On today's computing platforms, large AI models can take months to train. And that speed is too slow for businesses.

AI, HPC, and data analytics are becoming increasingly complex as some models, such as large language models, reach trillions of parameters.

The NVIDIA Hopper architecture was built from the ground up to accelerate these next-generation AI workloads with massive computing power and fast memory to handle ever-growing networks and datasets.

The Transformer engine, part of the new Hopper architecture, will significantly improve AI performance and capabilities, and help train large models in days or hours.

Train AI Models with Transformer Engine

Transformer models are the backbone of today's widely used language models such as asBERT and GPT-3. Transformer models were originally developed for natural language processing use cases, but are now increasingly used in computer vision, drug discovery, and more because of their versatility.

At the same time, model sizes continue to grow exponentially, now reaching trillions of parameters. Due to the huge amount of computation, the training time had to be extended to several months, which could not meet the business requirements.

The Transformer engine uses 16-bit floating-point precision and a new 8-bit floating-point data format, and integrates advanced software algorithms to further enhance AI performance and functionality.

AI training relies on floating point numbers, which are decimals, such as 3.14. The TensorFloat32 (TF32) floating point format was introduced with the NVIDIA Ampere architecture and is now the default 32-bit format in the TensorFlow and PyTorch frameworks.

Most AI floating-point operations use 16-bit "half" precision (FP16), 32-bit "single" precision (FP32), and 64-bit "double" precision (FP64) for specialized operations. The Transformer engine shortens operations to 8 bits, enabling larger networks to be trained faster.

When combined with other new features in the Hopper architecture, such as the NVLink Switch system that provides direct high-speed interconnection between nodes, clusters of H100 accelerated servers are capable of training large networks that were previously barely able to operate at the speeds required by enterprises to train.

A closer look at the Transformer engine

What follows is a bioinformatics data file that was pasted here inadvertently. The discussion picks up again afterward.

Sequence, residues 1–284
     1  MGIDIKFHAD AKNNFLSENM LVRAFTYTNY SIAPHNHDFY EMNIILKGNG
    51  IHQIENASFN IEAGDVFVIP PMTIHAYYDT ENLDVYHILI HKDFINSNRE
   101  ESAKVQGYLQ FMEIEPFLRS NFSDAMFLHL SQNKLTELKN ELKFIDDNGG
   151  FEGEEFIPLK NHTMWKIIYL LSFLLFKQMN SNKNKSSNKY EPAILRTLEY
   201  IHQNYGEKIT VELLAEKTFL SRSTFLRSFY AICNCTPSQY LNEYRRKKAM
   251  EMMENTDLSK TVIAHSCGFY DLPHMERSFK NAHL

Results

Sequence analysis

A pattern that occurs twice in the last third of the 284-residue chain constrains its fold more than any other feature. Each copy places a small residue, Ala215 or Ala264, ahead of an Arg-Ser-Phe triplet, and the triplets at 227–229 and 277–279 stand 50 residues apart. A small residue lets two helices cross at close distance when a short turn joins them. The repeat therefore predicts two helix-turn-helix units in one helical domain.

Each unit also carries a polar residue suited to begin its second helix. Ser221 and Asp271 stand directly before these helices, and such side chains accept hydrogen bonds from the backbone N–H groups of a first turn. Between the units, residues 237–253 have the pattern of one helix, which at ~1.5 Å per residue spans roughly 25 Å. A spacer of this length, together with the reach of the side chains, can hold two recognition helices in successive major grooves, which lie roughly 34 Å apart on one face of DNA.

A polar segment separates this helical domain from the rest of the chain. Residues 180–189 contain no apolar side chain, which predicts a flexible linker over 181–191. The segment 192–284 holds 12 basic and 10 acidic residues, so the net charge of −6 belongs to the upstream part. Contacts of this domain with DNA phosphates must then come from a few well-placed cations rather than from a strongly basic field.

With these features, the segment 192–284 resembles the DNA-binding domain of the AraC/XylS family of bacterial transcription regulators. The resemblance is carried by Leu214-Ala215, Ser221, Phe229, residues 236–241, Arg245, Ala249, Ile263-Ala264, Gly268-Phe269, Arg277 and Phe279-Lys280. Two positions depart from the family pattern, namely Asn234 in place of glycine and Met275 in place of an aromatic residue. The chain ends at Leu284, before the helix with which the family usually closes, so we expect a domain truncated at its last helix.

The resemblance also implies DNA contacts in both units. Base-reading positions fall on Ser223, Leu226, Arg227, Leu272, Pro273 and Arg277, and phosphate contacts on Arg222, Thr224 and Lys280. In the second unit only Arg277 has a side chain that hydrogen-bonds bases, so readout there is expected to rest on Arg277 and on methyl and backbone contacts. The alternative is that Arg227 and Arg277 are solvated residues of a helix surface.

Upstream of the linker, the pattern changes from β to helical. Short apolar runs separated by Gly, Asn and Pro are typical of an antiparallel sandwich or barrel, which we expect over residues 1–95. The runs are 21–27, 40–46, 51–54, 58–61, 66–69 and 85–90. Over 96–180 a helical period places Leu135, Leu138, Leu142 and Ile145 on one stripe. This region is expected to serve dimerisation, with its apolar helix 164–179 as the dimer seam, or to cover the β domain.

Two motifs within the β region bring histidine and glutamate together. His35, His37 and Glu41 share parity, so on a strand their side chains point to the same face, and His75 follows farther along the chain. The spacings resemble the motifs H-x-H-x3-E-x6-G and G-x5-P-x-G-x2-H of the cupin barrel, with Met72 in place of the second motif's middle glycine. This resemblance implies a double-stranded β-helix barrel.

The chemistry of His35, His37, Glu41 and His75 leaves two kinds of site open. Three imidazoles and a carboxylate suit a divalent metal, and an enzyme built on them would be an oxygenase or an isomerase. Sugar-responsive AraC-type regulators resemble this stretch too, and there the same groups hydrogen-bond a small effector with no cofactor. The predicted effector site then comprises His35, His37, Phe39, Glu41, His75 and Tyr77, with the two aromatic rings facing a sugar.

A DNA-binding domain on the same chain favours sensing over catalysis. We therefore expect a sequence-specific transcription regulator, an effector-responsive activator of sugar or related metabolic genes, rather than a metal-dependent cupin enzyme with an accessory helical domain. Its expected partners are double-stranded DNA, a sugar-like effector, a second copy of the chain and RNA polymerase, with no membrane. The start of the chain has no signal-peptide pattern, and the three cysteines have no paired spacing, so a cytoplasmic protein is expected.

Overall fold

The Transformer engine uses software and custom NVIDIA Hopper Tensor Core technology designed to accelerate training of models built on common AI model building blocks known as Transformers. These Tensor Cores can apply mixed FP8 and FP16 precision to dramatically accelerate AI computations for Transformer models. Tensor Core operations with FP8 are twice the throughput of 16-bit operations.

The challenge for models is to intelligently manage precision to maintain accuracy while achieving the performance that can be achieved with smaller, faster numerical formats. The Transformer engine addresses these challenges with a custom, NVIDIA-tuned heuristic algorithm that dynamically chooses between FP8 and FP16 computations and automatically handles reprojection and scaling between these precisions in each layer.

The Transformer Engine uses per-layer statistical analysis to determine the best accuracy (FP16 or FP8) for each layer of the model, achieving the best performance while maintaining model accuracy.

The NVIDIA Hopper architecture also triples the number of floating-point operations per second compared to previous-generation TF32, FP64, FP16, and INT8 precision, building on fourth-generation Tensor Cores. Hopper Tensor Cores combined with the Transformer Engine and 4th Gen NVLink enable orders of magnitude acceleration for HPC and AI workloads.

Accelerate Transformer Engine

Most of the cutting-edge work in AI revolves around large language models like the Megatron 530B. The chart below shows the trend of model size growth in recent years, which is generally believed to continue. Many researchers are already working on hyper-trillion-parameter models for natural language understanding and other applications, suggesting an unabated demand for AI computing power.

Natural language understanding models are still growing rapidly.

To meet the demands of these growing models, high computing power and large amounts of high-speed memory are essential. The combination of the NVIDIA H100 Tensor Core GPU and the acceleration achieved by the Transformer engine can take AI training to the next level.

Through the above innovations, it was possible to increase throughput and reduce training time by a factor of 9—from 7 days to just 20 hours:

Compared to the previous generation, NVIDIA H100 Tensor Core GPUs provide 9x the training throughput, enabling training of large models in a reasonable amount of time.

The Transformer engine can also be used for inference without any data format conversion. Previously, INT8 was the precision of choice for excellent inference performance. However, it requires the trained network to be converted to INT8 as part of the optimization process, which the NVIDIA TensorRT inference optimizer can easily achieve.

When using models trained with FP8 precision, developers can skip this conversion step entirely and perform inference operations with the same precision. As with INT8-formatted networks, deployments using the Transformer engine run with a smaller memory footprint.

On the Megatron 530B, the NVIDIA H100 has 30x higher per-GPU inference throughput than the NVIDIA A100, and a 1 second response latency, suggesting it is an excellent platform for AI deployments:

For low-latency applications, the Transformer engine also increases inference throughput by 30X.


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